Catlin v. Commissioner of Public Safety

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490 N.W.2d 445 (1992)

Mark A. CATLIN, Petitioner, Appellant, v. COMMISSIONER OF PUBLIC SAFETY, Respondent.

No. C3-92-726.

Court of Appeals of Minnesota.

October 13, 1992.

Samuel A. McCloud, Barry L. Hogen, Minneapolis, for appellant.

Hubert H. Humphrey, III, Atty. Gen., Ronald S. Latz, Sp. Asst. Atty. Gen., St. Paul, for respondent.

Considered and decided by DAVIES, P.J., and PARKER and SCHUMACHER, JJ.



Appellant Mark A. Catlin was arrested for DWI, and his driver's license was revoked pursuant to the implied consent law. He petitioned for judicial review, and the trial court sustained the revocation. We affirm.


Deputy Sheriff Daniel Harjes arrested Catlin for DWI on December 18, 1991, and read him the implied consent advisory. Catlin consulted with an attorney and then agreed to take a breath test. The test revealed an alcohol concentration of .12. Catlin's driver's license was revoked for 90 days pursuant to the implied consent law, and he petitioned for judicial review.

Catlin did not testify at the hearing. He offered a certified copy of his driving record dated January 6, 1992, which did not show an implied consent revocation within five years of the current incident. A certified copy of his driving record dated December *446 17, 1990 showed an implied consent revocation dated November 30, 1990. Catlin's counsel explained that the November 30, 1990 revocation was not on the January 6, 1992 driving record because the revocation had since been rescinded.

Catlin argued that the advisory was misleading and violated his due process rights because, although his license had been revoked, he was not subject to the crime to refuse law because the revocation had been rescinded. The trial court found Catlin knew the prior revocation had been rescinded. It noted he consulted with and obtained legal advice from an attorney before submitting to testing, and further concluded that he should have known or have reasonably believed that a rescinded driver's license revocation was not equivalent to a driver's license revocation. It determined that his due process rights were not violated and it ordered the license revocation sustained. Catlin appeals.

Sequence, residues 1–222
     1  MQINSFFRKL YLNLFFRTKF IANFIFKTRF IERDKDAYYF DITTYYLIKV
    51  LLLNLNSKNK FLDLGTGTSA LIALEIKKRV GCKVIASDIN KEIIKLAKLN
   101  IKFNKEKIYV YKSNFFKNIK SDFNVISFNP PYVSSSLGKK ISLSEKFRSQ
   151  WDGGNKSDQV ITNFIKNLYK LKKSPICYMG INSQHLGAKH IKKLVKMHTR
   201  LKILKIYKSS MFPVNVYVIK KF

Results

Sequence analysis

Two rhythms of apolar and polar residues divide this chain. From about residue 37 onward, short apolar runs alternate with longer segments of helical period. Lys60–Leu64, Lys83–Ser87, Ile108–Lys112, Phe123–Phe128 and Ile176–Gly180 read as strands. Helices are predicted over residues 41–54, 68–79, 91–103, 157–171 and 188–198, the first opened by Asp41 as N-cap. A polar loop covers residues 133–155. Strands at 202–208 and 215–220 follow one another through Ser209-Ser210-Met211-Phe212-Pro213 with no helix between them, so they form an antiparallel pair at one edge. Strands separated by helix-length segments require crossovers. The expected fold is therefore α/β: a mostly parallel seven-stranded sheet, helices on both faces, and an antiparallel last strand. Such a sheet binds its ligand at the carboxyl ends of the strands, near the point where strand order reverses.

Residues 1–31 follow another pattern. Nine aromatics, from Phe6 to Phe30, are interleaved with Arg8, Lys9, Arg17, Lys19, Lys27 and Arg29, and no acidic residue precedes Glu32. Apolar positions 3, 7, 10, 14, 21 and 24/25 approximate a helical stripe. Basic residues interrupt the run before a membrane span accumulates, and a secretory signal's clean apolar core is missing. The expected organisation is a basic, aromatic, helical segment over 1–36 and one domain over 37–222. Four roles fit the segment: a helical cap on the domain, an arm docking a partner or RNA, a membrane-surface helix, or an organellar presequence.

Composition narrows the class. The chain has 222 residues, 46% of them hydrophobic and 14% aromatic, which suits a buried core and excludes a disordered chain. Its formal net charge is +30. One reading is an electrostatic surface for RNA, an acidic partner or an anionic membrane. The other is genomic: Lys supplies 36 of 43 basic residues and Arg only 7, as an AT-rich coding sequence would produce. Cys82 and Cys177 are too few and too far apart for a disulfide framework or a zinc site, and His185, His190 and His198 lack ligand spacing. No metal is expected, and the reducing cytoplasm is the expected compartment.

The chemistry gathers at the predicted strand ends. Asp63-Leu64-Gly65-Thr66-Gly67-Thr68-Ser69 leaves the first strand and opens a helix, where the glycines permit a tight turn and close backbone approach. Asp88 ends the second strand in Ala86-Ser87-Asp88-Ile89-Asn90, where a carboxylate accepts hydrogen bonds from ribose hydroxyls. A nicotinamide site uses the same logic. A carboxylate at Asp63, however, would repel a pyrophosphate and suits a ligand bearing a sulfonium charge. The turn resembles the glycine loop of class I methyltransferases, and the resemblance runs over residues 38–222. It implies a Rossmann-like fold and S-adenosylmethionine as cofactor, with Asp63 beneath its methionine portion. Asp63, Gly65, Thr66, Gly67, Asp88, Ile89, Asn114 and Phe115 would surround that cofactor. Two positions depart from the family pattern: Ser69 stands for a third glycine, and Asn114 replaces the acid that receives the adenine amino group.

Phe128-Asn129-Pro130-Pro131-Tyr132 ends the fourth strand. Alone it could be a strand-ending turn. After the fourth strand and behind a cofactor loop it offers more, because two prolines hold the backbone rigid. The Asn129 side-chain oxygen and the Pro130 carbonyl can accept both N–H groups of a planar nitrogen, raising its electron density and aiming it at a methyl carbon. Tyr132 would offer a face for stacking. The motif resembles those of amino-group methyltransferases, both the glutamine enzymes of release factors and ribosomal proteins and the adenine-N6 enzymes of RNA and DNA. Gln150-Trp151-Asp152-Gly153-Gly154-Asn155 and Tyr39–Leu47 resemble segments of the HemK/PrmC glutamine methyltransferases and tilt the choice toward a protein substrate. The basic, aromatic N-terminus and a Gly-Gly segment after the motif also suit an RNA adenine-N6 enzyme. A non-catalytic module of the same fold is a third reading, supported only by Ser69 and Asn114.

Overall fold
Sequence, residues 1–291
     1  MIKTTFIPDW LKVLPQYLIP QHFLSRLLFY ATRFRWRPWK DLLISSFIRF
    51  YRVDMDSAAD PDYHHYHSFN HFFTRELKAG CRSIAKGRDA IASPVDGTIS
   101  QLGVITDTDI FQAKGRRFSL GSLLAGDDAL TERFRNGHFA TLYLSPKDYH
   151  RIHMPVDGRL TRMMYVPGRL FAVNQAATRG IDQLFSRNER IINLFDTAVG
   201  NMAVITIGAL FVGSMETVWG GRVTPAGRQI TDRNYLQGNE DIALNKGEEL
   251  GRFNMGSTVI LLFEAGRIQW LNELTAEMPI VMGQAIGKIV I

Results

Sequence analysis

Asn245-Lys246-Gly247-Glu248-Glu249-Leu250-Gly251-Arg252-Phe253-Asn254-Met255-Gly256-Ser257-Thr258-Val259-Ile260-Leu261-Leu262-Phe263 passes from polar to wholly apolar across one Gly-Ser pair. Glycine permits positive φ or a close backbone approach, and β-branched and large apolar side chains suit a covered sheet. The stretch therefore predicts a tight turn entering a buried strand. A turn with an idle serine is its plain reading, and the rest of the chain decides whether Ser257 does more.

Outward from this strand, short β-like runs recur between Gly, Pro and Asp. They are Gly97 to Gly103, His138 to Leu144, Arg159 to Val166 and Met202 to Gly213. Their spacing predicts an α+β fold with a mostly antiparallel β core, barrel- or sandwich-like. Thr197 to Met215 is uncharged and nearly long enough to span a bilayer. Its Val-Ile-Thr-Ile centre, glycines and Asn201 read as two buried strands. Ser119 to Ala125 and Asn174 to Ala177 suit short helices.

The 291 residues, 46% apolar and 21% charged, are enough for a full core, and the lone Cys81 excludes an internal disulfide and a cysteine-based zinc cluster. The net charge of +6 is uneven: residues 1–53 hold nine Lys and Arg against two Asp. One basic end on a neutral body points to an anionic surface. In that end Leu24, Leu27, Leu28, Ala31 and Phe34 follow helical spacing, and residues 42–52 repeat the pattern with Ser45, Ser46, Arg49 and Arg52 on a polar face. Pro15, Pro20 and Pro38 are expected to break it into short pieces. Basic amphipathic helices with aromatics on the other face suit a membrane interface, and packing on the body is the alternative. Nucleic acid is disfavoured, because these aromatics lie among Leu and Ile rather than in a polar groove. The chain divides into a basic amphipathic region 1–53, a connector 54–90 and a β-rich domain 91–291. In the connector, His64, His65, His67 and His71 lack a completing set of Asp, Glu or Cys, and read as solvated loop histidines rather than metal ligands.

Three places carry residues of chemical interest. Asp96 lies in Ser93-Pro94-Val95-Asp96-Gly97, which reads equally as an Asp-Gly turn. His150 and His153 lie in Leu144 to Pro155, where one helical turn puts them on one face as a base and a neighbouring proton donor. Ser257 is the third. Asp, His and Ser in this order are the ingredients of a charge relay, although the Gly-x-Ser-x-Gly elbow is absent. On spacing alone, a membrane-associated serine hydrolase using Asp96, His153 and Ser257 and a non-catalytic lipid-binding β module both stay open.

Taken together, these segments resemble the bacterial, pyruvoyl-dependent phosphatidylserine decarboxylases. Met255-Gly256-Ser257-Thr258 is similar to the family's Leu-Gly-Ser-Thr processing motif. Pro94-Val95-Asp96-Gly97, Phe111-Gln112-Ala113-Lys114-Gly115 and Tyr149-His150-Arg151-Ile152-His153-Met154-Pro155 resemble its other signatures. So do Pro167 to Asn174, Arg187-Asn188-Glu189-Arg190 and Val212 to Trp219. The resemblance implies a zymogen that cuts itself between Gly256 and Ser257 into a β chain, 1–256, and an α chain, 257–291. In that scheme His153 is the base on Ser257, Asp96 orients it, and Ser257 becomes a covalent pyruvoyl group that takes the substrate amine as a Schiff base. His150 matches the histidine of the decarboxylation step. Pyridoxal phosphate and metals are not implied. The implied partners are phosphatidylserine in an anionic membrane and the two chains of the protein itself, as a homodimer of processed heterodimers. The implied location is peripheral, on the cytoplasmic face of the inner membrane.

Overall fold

1. Was the trial court finding that Catlin knew his driver's license had been previously revoked and that the revocation was subsequently rescinded clearly erroneous?

2. Did the implied consent advisory, Minn.Stat. § 169.123, subd. 2(b)(5) (Supp. 1991), which warned Catlin that he may be subject to criminal prosecution if he refused testing and his right to drive had previously been revoked within the requisite time period, violate his due process rights where, although he had a prior license revocation, he was not subject to criminal penalties because it had been rescinded?


1. Catlin claims the trial court finding that he knew his license had been previously revoked and was subsequently rescinded was clearly erroneous. Findings of fact will not be reversed unless clearly erroneous. State, Dep't of Highways v. Beckey, 291 Minn. 483, 487, 192 N.W.2d 441, 445 (1971). Catlin contends there is nothing in the record to support this finding.